The first of the universal instructors who describes our Sustainer to us and acquaints us with him is Muhammad (Peace and blessings be upon him), the reason for the world’s creation. It is Muhammad (PBUH) who provides convincing answers, acceptable to all uncorrupted minds, to the three awesome questions “What are you?” “Where do you come from?” “Where are you going?”,3 which have always preoccupied thinking people and been the most asked questions, and may be asked about all beings. He is an “articulate proof.”4 We should listen to him, for what he says solves the riddle of the universe and makes known to us our Sustainer. For he uncovered the perfections of the universe and set forth the purpose of the creation of beings. He was addressed by all things in a way appropriate to the aim of their creation, and he used them in accordance with this aim. It is he who found the mercy in creation and showed it to us. He proclaims that universal and absolute mercy with all his acts and states.5

If we listen to Muhammad’s (PBUH) supplications, he makes known to us our Sustainer in them; he seeks eternal happiness, he seeks immortality. He turns one’s face from the transitory world to the Eternal One, and everyone who listens to him, hears his entreaties to meet with Him. He wants Paradise, where he may be in the Eternal One’s presence for ever. He sees beings as mirrors, mirrors in which are to be seen all the sacred Names of our Creator, and their true, everlasting beauty. He directs our supplications to our Sustainer, Who is described by the Names, and makes Him known to us through His Names.6 (In the Risale-i Nur, the Hadiths narrated from the Prophet (PBUH) are presented not only as means of supplication, at the same time as proofs describing our Creator and making us assent to His reality and existence.)7

Before everything, Muhammad (PBUH) is a guide in belief. Although the universe is adorned with ever-renewed inscriptions and embellished with beings all different to and more beautiful than the rest, it is imagined by some people to be a plaything tied to chance. Yet it was due to what he taught about it, that it was illumined and acquired value. Through the revolution that he brought about, the shape of the world was transformed, in which previously everything had appeared to be vanishing into nothingness and non-existence. Through his description, everything sprang to life before everyone’s eyes; things ceased being wretched non-entities being cast into nothingness, and became travellers on the road to eternal life. Thanks to the light he brought, everything ceased being apparently hostile to everything else. On the contrary, all things were seen to be officials charged with the duty of making known their Creator, and to be friends and brothers hastening to assist each other. If it had not been for the light he brought, the beings which were employed in perfect mutual assistance, would have continued to be ownerless wretches without importance, apparently doomed to annihilation.8 (Just as those who do not look with his light see it to be.)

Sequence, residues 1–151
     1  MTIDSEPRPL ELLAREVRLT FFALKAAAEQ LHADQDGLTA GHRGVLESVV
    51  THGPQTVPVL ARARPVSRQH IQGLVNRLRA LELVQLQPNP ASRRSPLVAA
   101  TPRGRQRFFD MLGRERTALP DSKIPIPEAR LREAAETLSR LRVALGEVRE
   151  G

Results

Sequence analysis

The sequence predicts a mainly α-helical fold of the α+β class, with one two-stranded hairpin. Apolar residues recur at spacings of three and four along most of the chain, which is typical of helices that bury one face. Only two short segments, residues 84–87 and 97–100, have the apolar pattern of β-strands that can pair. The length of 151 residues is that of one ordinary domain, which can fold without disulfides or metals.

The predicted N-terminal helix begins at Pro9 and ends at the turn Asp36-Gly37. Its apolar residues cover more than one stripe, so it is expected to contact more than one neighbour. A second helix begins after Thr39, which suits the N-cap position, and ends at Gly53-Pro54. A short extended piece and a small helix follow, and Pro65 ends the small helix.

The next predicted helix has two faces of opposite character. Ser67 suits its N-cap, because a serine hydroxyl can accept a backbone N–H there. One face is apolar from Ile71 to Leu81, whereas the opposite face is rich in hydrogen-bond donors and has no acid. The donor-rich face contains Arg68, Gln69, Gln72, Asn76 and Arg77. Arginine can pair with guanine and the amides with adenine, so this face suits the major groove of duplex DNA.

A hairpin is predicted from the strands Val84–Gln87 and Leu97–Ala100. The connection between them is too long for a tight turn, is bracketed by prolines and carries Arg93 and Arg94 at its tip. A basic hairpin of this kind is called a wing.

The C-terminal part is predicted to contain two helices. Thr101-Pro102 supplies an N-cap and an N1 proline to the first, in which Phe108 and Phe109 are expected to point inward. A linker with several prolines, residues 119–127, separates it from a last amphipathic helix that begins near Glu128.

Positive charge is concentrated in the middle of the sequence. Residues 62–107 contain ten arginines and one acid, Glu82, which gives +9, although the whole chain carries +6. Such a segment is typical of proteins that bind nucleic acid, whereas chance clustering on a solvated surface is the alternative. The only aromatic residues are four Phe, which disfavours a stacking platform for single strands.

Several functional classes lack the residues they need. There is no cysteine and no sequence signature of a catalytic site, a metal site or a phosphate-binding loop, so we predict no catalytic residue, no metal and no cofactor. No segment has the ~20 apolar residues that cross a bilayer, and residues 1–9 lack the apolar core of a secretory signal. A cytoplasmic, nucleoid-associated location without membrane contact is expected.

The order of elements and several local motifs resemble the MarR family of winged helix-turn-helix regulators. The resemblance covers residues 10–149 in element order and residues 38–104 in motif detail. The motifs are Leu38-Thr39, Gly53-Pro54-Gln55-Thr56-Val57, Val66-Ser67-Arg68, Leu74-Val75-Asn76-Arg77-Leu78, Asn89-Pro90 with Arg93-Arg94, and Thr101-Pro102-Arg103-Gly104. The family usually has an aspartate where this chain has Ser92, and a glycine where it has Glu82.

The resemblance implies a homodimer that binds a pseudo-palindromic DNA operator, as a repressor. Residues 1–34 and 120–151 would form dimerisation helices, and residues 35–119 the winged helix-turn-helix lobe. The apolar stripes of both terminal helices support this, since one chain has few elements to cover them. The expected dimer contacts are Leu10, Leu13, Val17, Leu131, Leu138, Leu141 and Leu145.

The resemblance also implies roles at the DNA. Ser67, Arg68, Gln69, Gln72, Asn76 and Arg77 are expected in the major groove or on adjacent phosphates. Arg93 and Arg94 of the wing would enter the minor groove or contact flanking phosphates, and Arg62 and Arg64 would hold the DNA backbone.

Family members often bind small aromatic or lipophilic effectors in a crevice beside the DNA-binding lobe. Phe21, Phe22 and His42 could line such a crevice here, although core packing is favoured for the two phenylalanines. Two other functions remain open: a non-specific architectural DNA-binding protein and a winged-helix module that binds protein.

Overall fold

The Risale-i Nur teaches us to listen to Muhammad’s (PBUH) words as words that deliver the universe from meaninglessness, gain importance for it, and impart existence and life to things, and illuminate them. Thus, God’s Messenger becomes a teacher in men’s eyes, a teacher of knowledge of God. At the heart of everything he teaches is the affirmation of Divine unity;9 there is recognition of the One Creator, which directs us to worship Him alone.

The duty of people of consciousness and intelligence in this world, everything of which our Sustainer created full of art and purpose, is to ponder over the His beauties reflected in the art and to proclaim them wonderingly. It was Muhammad (PBUH) who performed this duty, which is described in the Risale-i Nur as the basis of worship, most perfectly. In this respect, all the words and acts of Muhammad the Arabian (PBUH) are seen in the Risale-i Nur as words and acts making known our Sustainer; and he is announced as the chief of “the sphere of worship.”10

II. The Conscience

The second instructor describing our Sustainer to us and making Him known, is man’s conscience, known as “man’s conscious nature,” which has been deposited in his self as a trust.

Man’s needs encompass the whole universe. They exceed it even. For man has intense need for life after death, and all his senses want immortality and eternity. However, on his own he does not have the power to meet any of these needs. And such power is not to be found in anything else, since everything is created like himself. Man has been decked out with extremely fine senses, and all the time feels the need to find a point of support in the face of his obvious impotence. He sees, in fact, that his life, youth, senses, the food which he enjoys eating, his clothes, in brief all the bounties bestowed on him, are day by day being lost to him, that they are leaving him. He can find no power in himself to prevent their departure. He longs for his youth not to depart, for those he loves not to abandon him, but he can do nothing apart from desiring these things. In the face of this helplessness, his conscience hopes for a point from which it can seek help, a support from which it can find strength.